A company has $50,000 of outstanding accounts receivable on December 31. From past experience it suggests that 5% of the account receivable is uncollectable. Assume that the unadjusted balance in AFDA on December 31 is currently 500.

Calculation: $50,000 x 0.005 = 2,500

AFDA

500   Unadjusted balance (Dec 31)?       Bad Debt expense
2500 Desired adjusted balance

2500 = 500 + ?
2000 = Bad debt expense

The adjusting entry
Dec 31 Bad debt expense …………………………………….. 2000
Allowance for doubtful accounts ………. 2000

After determining the adjusted balance in the AFDA the accounts receivable can now be adjusted with 2 different way.

The more common and easier to understand method:
Current Assets:
Accounts receivable ……………………………………………… X
Less: Allowance for doubtful accounts …………………….        Y Z

or

Current assets:
accounts receivable (net of Y estimated uncollectable accounts) … Z

Aging of Accounts Receivable Method
The aging of accounts receivable method looks at each accounts receivable and basically classify them depending on if its current (not due yet) or if its due which are usually in 30 days intervals. The longer it takes get the money from the customer the less likely the company will be paid.

Direct Write-Off Method
It records the debits lost from an accounts receivable that has been deemed uncollectable
Violates Matching Principle – because many times expenses are not matched with revenues (different periods)
Materiality principle allows this method when bad debts are much smaller in relation to other items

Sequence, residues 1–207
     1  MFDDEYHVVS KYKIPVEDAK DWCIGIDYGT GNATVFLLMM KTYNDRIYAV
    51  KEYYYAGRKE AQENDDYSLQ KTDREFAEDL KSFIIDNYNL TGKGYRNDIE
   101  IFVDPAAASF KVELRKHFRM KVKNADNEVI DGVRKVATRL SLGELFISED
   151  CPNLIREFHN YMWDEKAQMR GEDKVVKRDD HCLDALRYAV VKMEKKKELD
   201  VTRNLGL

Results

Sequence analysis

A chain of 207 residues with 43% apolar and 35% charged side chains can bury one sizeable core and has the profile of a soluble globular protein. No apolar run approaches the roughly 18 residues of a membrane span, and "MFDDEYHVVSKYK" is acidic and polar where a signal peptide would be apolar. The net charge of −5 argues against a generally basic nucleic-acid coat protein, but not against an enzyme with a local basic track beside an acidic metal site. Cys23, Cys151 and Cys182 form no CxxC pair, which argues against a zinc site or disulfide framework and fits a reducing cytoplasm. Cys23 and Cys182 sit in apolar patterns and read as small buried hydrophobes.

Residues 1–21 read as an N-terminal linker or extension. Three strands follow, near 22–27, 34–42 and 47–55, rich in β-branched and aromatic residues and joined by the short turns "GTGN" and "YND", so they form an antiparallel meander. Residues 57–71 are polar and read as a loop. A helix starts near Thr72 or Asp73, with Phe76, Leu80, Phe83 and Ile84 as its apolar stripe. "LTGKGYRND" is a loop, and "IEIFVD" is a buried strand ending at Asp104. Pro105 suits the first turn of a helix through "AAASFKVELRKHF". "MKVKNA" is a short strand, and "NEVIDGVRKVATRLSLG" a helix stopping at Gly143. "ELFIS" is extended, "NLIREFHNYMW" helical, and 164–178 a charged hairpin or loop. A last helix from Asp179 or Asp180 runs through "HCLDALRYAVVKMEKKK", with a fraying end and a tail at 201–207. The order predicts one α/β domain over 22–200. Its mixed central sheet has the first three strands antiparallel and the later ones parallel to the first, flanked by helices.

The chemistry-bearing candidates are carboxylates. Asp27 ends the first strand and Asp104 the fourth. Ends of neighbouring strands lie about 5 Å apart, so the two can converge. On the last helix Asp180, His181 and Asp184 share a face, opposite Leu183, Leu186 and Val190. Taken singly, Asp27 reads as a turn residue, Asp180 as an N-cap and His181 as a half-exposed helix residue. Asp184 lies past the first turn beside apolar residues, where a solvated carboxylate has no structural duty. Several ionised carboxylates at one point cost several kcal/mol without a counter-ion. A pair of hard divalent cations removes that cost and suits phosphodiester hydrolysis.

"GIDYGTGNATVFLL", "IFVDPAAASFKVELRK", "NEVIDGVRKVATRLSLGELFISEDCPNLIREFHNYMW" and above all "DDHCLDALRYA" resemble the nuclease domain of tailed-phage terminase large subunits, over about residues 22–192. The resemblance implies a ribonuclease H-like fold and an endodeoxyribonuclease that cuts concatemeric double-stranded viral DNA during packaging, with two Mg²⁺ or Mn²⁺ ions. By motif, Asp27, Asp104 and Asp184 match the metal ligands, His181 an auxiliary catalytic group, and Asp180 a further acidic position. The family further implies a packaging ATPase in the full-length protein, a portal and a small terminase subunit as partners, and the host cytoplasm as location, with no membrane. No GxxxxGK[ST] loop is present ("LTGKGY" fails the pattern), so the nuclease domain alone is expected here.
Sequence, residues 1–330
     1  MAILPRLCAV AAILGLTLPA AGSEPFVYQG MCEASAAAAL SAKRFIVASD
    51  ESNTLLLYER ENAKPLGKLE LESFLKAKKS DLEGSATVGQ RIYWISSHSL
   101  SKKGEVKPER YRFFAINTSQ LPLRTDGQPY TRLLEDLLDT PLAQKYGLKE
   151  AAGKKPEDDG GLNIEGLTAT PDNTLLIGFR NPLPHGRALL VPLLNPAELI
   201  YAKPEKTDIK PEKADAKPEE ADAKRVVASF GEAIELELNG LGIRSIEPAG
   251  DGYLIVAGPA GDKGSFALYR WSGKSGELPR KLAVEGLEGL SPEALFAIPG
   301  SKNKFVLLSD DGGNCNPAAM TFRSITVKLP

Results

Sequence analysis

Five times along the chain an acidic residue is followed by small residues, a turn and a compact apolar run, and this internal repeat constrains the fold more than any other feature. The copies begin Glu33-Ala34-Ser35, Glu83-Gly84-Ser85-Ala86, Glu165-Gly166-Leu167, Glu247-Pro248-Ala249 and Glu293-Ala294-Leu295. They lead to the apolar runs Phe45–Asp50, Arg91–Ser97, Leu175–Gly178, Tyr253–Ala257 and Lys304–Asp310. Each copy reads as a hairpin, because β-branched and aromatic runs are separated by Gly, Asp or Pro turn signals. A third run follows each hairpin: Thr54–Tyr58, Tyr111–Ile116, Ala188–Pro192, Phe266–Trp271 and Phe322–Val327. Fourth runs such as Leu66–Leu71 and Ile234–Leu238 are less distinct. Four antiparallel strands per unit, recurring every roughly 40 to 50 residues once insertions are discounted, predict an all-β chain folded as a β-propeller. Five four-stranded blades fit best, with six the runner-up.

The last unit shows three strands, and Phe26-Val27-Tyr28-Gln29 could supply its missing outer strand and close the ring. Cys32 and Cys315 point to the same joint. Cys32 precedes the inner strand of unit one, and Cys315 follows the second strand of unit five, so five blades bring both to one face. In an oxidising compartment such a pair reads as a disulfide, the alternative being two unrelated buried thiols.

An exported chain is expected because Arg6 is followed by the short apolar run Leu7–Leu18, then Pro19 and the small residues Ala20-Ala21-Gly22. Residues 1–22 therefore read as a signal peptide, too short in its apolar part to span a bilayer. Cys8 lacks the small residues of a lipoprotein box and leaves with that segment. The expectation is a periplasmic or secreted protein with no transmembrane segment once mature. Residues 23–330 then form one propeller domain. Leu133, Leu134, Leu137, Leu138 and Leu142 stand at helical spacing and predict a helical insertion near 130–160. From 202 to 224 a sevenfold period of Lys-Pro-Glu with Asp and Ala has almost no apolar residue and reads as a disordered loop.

For example: Giggle Corp. specializes in the sale of giggles. Their client Mr. Fraser has been unhappy for some time so he purchased a giggle for $1000. He was so happy, he fled the country. As a result, Giggle Corp has deemed that his debt will not be collected. Journalize:
April 1           Bad Debt Expense                                                                     1000-
Accounts Receivable – Fraser                                    1000-
To write off bad debt

In summary, the journal entry to write off directly is
–      Debit: Bad Debt Expense
–      Credit: Accounts Receivable – (Name)

Notes Receivable
A note is a written promise to give an extension to the consumer with an interest for the time period. Creditors generally prefer it over accounts receivable. Promissory note is a written promise to pay a specific amount of money either on demand or at a definite future date.

The period of a note is sometimes expressed in months or years. When months are used, the note matures and is payable in the month of its maturity on the same day of the month as the original date.
Example: A three-month note dated July 10th, is payable on October 10th.

Interest Calculation
Interest = principal   x   annual interest rate   x   exact days/365 ( i = Prt )
Example: Calculate interest on a $1000, 12%, 90 days note
$1000 x 0.12 x 90/365 = $29.59

Receipt of Note
Date   Cash………….…………………………..……       xx
Notes Receivable……………………………..……              xx
Interest Revenue……………………………..……              xx

To record payment of the note.

End-of-period Interest Adjustment
Accrued interest is computed and recorded when notes receivables are outstanding at the end of an accounting period. This recognizes both the interest revenue when it is earned and the interest receivable owned by the note’s holder.

Date   Interest Receivables………….…………………………..……       xx
Interest Revenue…………………………………..……              xx
To record the issues of a note for extensions of a past due account.

Honoring a Note
Example: Note dated December 16th for $3000, interest rate: 12%, 60 days

Feb. 14 Cash………………………………………………….3059.18
Interest Revenue………………………………………..44.39
Interest Receivable……………………………………..14.79
Notes Receivable………………………………………..3000
Received payment of a note and its interest.

Dishonouring a Note
A note is dishonored when the customer does not pay the note at maturity.
Date Accounts Receivable…………………………………………….xx
Interest Revenue……………………………………………….xx
Notes Receivable……………………………………………….xx
To charge the account for John Smith for a dishonored note including interest.